Magazine
Latest Issue

Genetics and Insurance

The knowledge that genetics can provide about our future health could play havoc with the life insurance industry. How can we balance the competing demands of consumers' right to privacy and the insurers' need to assess risks?

By Daniel Altman   April 2001

Imagine a moment of decision. Your father died of Huntington’s disease, a degenerative brain disorder, and so did his father. There’s a strong chance that you, too, carry the genetic mutation that causes Huntington’s. Knowing your family history, insurance companies already want to charge you more for life insurance, your family’s best protection against losing you too soon. But you still want to get tested, so that you can plan for the eventualities of the disease. Then again, testing positive could render you ineligible for life insurance altogether. It’s a classic Catch-22.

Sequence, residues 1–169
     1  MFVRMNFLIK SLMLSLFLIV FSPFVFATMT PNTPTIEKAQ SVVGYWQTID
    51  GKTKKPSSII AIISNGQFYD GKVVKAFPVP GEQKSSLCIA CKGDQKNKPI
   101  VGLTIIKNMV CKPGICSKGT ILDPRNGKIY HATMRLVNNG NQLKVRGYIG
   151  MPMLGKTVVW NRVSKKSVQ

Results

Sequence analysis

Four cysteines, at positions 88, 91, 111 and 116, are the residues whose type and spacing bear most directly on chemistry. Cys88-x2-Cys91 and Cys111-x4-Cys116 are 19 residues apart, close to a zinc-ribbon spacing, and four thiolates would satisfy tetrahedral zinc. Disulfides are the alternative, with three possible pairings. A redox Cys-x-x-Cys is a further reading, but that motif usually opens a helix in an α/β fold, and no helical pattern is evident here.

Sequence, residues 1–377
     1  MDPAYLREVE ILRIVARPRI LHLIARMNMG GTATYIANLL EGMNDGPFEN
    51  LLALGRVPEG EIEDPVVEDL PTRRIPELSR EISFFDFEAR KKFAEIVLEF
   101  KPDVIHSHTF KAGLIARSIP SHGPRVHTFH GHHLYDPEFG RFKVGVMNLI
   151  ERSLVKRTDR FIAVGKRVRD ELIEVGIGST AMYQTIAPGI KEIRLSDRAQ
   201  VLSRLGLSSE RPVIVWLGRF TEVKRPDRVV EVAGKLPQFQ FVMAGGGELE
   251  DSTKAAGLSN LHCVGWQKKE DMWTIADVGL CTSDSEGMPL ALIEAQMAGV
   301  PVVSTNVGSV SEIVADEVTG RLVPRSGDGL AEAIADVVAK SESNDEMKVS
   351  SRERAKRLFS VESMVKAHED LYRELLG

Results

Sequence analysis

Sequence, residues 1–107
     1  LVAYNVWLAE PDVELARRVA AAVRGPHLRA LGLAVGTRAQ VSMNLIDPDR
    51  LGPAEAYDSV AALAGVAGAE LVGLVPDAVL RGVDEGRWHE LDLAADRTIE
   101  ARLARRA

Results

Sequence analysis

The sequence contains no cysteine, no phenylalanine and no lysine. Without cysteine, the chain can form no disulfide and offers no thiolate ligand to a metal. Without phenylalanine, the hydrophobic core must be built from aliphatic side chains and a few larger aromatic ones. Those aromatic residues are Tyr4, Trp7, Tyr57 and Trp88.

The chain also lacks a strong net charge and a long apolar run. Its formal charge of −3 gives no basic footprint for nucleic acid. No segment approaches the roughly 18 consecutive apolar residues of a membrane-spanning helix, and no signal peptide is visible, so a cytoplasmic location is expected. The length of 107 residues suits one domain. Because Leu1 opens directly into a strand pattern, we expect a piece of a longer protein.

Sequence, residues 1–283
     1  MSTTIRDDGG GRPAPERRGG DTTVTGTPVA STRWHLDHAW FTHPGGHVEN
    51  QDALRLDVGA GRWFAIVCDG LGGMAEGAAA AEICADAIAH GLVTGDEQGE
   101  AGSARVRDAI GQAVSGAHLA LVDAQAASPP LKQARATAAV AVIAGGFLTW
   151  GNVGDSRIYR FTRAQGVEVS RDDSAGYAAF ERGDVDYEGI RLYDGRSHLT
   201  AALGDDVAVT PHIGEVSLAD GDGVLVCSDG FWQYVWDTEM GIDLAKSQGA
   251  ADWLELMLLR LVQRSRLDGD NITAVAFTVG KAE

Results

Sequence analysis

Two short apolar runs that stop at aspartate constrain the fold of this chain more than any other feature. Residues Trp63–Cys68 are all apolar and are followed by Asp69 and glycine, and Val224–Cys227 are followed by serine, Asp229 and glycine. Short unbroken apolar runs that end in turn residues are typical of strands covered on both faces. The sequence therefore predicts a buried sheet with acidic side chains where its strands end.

Deciding how insurance markets should respond to the…

Register today to continue reading

You’ve hit your limit of three articles in the last 30 days. To get seven more, simply enter your email address below.

You’ll also receive our free e-book Prospect’s Top Thinkers 2020 and our newsletter with the best new writing on politics, economics, literature and the arts.

Prospect may process your personal information for our legitimate business purposes, to provide you with newsletters, subscription offers and other relevant information.

Click here to learn more about these purposes and how we use your data. You will be able to opt-out of further contact on the next page and in all our communications.

We want to hear what you think about this article. Submit a letter to letters@prospect-magazine.co.uk

More From Prospect